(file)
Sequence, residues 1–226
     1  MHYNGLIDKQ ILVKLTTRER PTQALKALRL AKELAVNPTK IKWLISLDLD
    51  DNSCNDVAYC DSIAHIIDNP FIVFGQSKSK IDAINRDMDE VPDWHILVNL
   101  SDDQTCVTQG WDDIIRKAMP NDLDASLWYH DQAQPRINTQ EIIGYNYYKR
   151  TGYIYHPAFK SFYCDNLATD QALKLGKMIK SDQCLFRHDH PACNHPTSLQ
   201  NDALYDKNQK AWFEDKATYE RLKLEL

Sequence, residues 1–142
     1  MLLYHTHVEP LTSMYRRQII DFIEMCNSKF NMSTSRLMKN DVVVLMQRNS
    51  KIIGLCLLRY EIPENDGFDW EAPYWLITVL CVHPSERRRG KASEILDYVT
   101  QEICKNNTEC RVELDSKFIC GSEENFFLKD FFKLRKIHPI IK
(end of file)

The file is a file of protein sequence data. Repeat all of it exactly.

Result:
Sequence, residues 1–226
     1  MHYNGLIDKQ ILVKLTTRER PTQALKALRL AKELAVNPTK IKWLISLDLD
    51  DNSCNDVAYC DSIAHIIDNP FIVFGQSKSK IDAINRDMDE VPDWHILVNL
   101  SDDQTCVTQG WDDIIRKAMP NDLDASLWYH DQAQPRINTQ EIIGYNYYKR
   151  TGYIYHPAFK SFYCDNLATD QALKLGKMIK SDQCLFRHDH PACNHPTSLQ
   201  NDALYDKNQK AWFEDKATYE RLKLEL

Sequence, residues 1–142
     1  MLLYHTHVEP LTSMYRRQII DFIEMCNSKF NMSTSRLMKN DVVVLMQRNS
    51  KIIGLCLLRY EIPENDGFDW EAPYWLITVL CVHPSERRRG KASEILDYVT
   101  QEICKNNTEC RVELDSKFIC GSEENFFLKD FFKLRKIHPI IK